In Part I, I summarized my efforts to build myself a testing platform for refrigeration projects. I cut that post short at about the point where I began doing some heavy brazing work. Also, the amount of media in that post was getting to be quite extensive, though this post will be no different.
I want to again point out that I have no specific goal with this project, just a general interest in refrigeration, the end to to which will be guided by wherever the winds may blow my short attention span.
In order to assess the performance of these systems, and to evaluate alterations, data collection along with model construction, will be critical. As of this date I am still in the qualitative, “build it and beat on it” stage. As I hone my construction skills with copper work, and develop more controllable (and better insulated) outcomes, I begin to ask questions like, “Well it seems to work well, but how well, and is it any better than before?”.
For now, I have a bit more media to bring the reader up to date on the state of the project.
We begin with a picture of the transformation of an old coil into something quite new. The larger diameter coil in my hand has been recovered from the test bench, identifiable by its apparent diameter as the dry evaporator in the pot. As I mentioned before, I had grown tired of the dry evaporator, and the constant necessity to adjust the throttle in order to maintain superheat. Dry evaporators, so common in modern HVACR equipment, often utilize thermostatic expansion valves to regulate superheat. They are quite effective little devices and their utilization make for lightweight, economical evaporators, when properly sized and installed. However, my interest in antique refrigeration systems has led me to revitalize a technology which has laid dormant in domestic systems for some time now.— I am constructing a gravity flooded evaporator.
Here you can see the coils I made; two or three from the dry evaporator, and the remainder from fresh copper. In the previous picture the reader can see the spring bender in my hand which prevents the copper tubing from collapsing when it is bent. There are other methods to keep the copper from kinking when bending, including filling the tubing with sand, salt, or even ice, but I found this method to be much less messy. The only drawback so far with this method, is that there is a lower limit to the radius which can be bent because the spring will bind onto the tubing and will not slide freely once a portion is bent. I of course did not bend these by hand, but used a 3″ ABS pipe as a form. These spring benders are quite handy for “free hand bending” as well. I purchased a large set of these in many sizes at Harbor Freight Tools. Don’t over pay for a simple tool like this. They are wonderful.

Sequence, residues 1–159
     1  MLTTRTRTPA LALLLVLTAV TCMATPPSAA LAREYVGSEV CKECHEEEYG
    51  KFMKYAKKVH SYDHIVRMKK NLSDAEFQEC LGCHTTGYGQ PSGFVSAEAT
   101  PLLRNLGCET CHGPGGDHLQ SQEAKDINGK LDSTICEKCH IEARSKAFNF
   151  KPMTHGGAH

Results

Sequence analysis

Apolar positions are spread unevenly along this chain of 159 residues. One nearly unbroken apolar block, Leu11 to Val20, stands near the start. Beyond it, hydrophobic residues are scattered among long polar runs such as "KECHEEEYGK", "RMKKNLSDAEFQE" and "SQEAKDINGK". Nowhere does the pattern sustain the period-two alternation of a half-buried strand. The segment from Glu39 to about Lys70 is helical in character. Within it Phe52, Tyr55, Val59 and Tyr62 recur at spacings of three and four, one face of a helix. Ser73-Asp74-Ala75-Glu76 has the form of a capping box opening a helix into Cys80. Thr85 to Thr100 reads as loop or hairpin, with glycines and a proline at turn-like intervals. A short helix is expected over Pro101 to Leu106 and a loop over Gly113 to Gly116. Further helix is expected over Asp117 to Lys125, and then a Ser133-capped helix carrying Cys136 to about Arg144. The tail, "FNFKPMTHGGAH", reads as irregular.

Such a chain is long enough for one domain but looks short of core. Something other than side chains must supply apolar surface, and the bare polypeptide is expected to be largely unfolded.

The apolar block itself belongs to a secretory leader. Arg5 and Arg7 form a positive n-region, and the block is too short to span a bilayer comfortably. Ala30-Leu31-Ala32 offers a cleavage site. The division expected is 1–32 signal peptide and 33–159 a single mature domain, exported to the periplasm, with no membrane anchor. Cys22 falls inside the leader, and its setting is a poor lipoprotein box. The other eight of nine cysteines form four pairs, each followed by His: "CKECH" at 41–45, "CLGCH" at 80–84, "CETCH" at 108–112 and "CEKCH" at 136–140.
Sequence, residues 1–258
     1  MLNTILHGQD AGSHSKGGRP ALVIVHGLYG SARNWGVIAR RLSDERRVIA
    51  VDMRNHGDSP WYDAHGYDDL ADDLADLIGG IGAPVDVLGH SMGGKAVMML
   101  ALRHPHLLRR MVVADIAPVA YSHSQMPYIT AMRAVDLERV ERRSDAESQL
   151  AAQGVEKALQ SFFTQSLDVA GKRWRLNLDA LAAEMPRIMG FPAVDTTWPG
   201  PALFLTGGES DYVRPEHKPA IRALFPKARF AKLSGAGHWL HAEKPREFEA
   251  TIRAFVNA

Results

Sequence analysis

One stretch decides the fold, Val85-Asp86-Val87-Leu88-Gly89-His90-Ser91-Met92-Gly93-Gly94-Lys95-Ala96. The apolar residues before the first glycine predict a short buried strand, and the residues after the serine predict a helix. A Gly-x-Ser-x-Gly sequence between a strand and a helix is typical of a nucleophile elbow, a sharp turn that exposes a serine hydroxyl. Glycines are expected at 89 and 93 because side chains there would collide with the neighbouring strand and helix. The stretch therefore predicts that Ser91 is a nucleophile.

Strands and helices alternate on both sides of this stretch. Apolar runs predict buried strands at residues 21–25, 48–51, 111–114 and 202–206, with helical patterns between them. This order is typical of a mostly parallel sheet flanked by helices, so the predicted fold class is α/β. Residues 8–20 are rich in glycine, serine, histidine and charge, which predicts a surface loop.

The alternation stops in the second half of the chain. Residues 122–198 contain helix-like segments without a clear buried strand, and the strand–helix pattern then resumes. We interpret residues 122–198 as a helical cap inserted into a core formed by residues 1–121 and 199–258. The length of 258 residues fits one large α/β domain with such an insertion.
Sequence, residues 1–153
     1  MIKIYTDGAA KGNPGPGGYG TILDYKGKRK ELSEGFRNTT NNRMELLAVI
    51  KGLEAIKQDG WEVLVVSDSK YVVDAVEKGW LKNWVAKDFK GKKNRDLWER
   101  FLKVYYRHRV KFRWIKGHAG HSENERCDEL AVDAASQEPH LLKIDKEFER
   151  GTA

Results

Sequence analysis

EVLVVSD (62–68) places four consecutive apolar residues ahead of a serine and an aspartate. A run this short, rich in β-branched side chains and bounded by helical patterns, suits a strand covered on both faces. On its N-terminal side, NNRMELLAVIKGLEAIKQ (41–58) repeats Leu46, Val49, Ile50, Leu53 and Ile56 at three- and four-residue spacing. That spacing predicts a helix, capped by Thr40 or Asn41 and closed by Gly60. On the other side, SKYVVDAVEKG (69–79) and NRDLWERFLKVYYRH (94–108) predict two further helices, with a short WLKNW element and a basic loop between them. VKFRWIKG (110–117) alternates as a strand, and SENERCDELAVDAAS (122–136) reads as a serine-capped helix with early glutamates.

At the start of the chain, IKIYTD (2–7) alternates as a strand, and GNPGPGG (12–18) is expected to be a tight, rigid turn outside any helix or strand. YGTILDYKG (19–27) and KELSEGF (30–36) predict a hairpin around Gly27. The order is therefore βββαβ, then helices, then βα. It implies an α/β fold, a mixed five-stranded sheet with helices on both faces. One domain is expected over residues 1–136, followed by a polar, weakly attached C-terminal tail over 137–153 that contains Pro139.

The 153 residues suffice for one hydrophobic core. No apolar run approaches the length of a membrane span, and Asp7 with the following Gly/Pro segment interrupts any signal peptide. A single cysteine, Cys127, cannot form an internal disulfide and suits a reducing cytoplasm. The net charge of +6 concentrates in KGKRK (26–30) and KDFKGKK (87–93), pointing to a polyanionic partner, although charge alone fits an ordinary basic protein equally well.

A preliminary fitting of the evaporator coils to the central column or “separator”. The coils do not form one continuous run, like in a dry evaporator, nor do they have a distributor. When operating, low pressure liquid refrigerant will “flood” the central column and the coils from the bottom to just below the top coil. The suction line will draw of saturated vapor from the top of the separator.
The end of the first night of work. A liquid line sight glass/moisture indicator is being used as a liquid level indicator in the low side of the system. The 3/8″ lines flared to the sight glass communicate with the central column in a similar fashion to the evaporator coils; the bottom portion is connected to liquid, and the top to vapor. I will from this point on refer to this apparatus as the “Ebullator”, a name I will explain shortly.
Preparing for brazing. There is a bit more to explain here. The brass flare fitting connected to the top of the separator will be the suction line. The small 1/4″ line behind it will be a low pressure gauge. The 1/4″ tubing pointing up and to the right, will be where high pressure liquid refrigerant from the condenser will come in, heading for the throttling device. That line enters the separator at an angle, but does not directly communicate with it. Passing through the 1″ separator, it passes through the bottom cap, takes a 90º turn to the right, a 180º degree back, and then it goes through the throttling device which in this case is a 1/4″ needle valve, finally entering into the side of the separator below the low pressure liquid surface. Got it?!
I made a clamp to hold the awkward piece securely, but still allow me to braze everything at once. It’s simply a piece of 1/2″ copper pipe flattened, shaped around a shovel handle in the vise, and bolted to a piece of steel secured by clamps and the bench vise.